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Human papillomavirus (HPV) is a virus that causes warts. HPV is one of the most common sexually transmitted diseases (STDs). It belongs to the Papovaviridae family. HPV is a small oncogenic DNA virus, which infects epithelial cells of skin and mucous membranes. The epithelial surfaces include all areas covered by skin and/or mucous membranes of the mouth, genital and anus (the area that poop comes out of). A definitive diagnosis of HPV infection depends on the detection of nucleic acids (DNA or RNA) or proteins.
HPV is a relatively small, non-enveloped virus, and 55 nm in diameter. It has an icosahedral capsid composed of 72 capsomers, which contain at least two capsid proteins, L1 and L2. Each capsomer is a pentamer of the major capsid protein, L1. Each virion capsid contains several copies (about 12 per virion) of the minor capsid protein, L2. The virus is said to somewhat resemble a golf ball when viewed by electron microscopy.
How does HPV reproduce?
All cells in the abnormal tissues (such as warts) caused by HPV contain the DNA of HPV. DNA is a chain of many connected genes. Genes are tiny structures that contain coded instructions for how proteins should be constructed and how certain bodily characteristics should develop. Genes are contained in structures called chromosomes.
The genes of most viruses will not become activated until an infected type of cell (known as a keratinocyte) leaves the bottom section of the epidermis. The epidermis is the top layer of the skin that does not contain blood vessels. The reproduction of keratinocytes in the bottom section of the epidermis is what is thought to lead to the development of abnormal tissue areas.
Production of HPV occurs in the epithelium, where the cells are discarded off into the environment. More specifically, when the discarded cells degenerate, the virus is released. Epithelium is a group of cells that occur in one or more layers, which cover the entire surface of the body and line most of the hollow structures in it.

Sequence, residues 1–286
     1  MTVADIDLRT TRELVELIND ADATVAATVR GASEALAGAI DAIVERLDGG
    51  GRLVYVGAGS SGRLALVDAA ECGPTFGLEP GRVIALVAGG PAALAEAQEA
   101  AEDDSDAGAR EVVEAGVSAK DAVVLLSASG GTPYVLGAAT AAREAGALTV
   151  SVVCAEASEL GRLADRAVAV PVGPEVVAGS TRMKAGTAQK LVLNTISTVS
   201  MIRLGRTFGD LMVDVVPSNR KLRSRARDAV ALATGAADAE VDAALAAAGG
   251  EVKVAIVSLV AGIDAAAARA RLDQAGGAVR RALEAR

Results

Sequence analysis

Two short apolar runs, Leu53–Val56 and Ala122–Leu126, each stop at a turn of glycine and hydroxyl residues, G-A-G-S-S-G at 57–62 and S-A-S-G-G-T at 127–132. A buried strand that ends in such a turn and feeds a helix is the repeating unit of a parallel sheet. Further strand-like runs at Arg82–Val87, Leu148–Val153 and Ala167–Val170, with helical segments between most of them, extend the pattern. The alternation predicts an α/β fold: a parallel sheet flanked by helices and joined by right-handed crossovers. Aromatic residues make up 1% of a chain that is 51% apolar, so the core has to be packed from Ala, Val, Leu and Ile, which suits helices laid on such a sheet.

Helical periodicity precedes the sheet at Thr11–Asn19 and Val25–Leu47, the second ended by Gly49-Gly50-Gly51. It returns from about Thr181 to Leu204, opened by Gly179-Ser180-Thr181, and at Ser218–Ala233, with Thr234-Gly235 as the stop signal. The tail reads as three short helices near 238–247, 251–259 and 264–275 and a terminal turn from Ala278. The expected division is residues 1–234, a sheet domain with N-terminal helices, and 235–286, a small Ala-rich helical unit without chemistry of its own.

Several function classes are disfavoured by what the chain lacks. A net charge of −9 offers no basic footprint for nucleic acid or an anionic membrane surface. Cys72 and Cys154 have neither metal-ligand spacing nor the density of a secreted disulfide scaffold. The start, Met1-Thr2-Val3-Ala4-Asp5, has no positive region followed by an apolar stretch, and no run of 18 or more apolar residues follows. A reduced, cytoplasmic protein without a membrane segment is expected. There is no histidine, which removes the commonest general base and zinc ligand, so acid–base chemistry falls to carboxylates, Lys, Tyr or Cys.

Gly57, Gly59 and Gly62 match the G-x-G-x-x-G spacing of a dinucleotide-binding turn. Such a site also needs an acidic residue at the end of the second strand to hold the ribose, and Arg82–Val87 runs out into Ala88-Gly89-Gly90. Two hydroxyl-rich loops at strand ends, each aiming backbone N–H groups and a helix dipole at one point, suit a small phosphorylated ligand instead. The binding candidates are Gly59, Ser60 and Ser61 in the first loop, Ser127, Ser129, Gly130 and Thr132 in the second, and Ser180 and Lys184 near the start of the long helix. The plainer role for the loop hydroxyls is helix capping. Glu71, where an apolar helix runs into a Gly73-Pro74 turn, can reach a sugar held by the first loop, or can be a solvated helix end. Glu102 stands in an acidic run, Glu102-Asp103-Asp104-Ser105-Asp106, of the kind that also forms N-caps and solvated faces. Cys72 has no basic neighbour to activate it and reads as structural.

The HPV virus only multiplies in the nucleus (central structure) of affected cells. As a result, the nuclei of affected cells have a very abnormal appearance under the microscope. An example of such an abnormality is koilocytosis. Koilocytosis refers to the presence of squamous cells that often have two nuclei and small holes near the nuclei. The presence of koiliocytosis is characteristic of the human papillomavirus (HPV) infection.
How is it transmitted?
About 33% of HPV types can be passed on from person to person, through sexual contact. Sexual activity is most commonly associated with higher risk for anogenital and/or mucosal types of HPV. During sexual intercourse or after minor scraping of the skin, the epithelium can become disturbed, allowing HPV to come through and cause an infection.
Some studies have estimated that most sexually active people are exposed to at least one or more types of HPV. All forms of sexual intercourse, including anal and oral sex are all capable of spreading HPV. Even foreplay can lead to the spreading of HPV and cause warts to develop on the hands or in the mouth. The virus passes through skin contact with an infected person, such as touching an infected wart.
Having sex at an early age (especially age 16 or younger) or having many sexual partners leads to an increased chance of getting HPV. One does not need to have many sexual partners to come in touch with the virus since it is so common. Having sex with a partner that has or has had many sexual partners increases the chance of getting HPV. Someone is most likely to pass on HPV after he/she first gets the virus.
It is more common for HPV to be spread through sexual intercourse in women who have visible warts. In fact, about 66% of people who have sexual contact with a person with genital warts will develop HPV. This usually happens within three months of contact with the genital warts.
It is also true that about half of people that have HPV never develop genital warts. HPV can be passed on from people who do not have warts or who have had warts in the past. This indicates that the virus is passed on through body fluids, such as fluids in the cervix or semen. Semen is a fluid that is discharged from a male's penis in order to reproduce with a female. If a person or his/her partner has a history of genital warts, sexually transmitted diseases, cervical cancer, penis cancer, or abnormal Pap smears, it increases the chance of getting HPV.